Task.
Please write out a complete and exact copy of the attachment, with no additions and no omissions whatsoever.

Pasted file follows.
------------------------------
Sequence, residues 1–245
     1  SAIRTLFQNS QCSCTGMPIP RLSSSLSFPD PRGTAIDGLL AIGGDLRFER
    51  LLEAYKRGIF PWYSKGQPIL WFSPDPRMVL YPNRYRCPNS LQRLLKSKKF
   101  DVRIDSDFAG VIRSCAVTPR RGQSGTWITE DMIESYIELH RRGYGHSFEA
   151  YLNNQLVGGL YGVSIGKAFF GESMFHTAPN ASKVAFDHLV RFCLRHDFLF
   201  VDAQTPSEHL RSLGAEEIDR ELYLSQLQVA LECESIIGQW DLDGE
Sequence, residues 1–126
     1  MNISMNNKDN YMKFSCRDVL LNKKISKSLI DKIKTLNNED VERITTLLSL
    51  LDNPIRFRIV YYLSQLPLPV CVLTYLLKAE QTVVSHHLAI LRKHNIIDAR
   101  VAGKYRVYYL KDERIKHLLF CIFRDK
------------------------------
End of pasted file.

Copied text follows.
Sequence, residues 1–245
     1  SAIRTLFQNS QCSCTGMPIP RLSSSLSFPD PRGTAIDGLL AIGGDLRFER
    51  LLEAYKRGIF PWYSKGQPIL WFSPDPRMVL YPNRYRCPNS LQRLLKSKKF
   101  DVRIDSDFAG VIRSCAVTPR RGQSGTWITE DMIESYIELH RRGYGHSFEA
   151  YLNNQLVGGL YGVSIGKAFF GESMFHTAPN ASKVAFDHLV RFCLRHDFLF
   201  VDAQTPSEHL RSLGAEEIDR ELYLSQLQVA LECESIIGQW DLDGE
Sequence, residues 1–126
     1  MNISMNNKDN YMKFSCRDVL LNKKISKSLI DKIKTLNNED VERITTLLSL
    51  LDNPIRFRIV YYLSQLPLPV CVLTYLLKAE QTVVSHHLAI LRKHNIIDAR
   101  VAGKYRVYYL KDERIKHLLF CIFRDK